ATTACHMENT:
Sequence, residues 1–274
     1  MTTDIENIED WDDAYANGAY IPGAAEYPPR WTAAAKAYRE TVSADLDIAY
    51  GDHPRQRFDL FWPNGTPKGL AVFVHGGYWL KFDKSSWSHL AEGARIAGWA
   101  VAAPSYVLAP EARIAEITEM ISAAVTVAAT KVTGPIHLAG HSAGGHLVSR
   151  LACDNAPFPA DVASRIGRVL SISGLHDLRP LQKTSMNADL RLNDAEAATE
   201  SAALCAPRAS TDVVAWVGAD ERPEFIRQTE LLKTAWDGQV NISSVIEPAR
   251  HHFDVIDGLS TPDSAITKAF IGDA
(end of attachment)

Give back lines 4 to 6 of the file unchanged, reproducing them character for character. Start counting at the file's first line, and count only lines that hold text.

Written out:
   101  VAAPSYVLAP EARIAEITEM ISAAVTVAAT KVTGPIHLAG HSAGGHLVSR
   151  LACDNAPFPA DVASRIGRVL SISGLHDLRP LQKTSMNADL RLNDAEAATE
   201  SAALCAPRAS TDVVAWVGAD ERPEFIRQTE LLKTAWDGQV NISSVIEPAR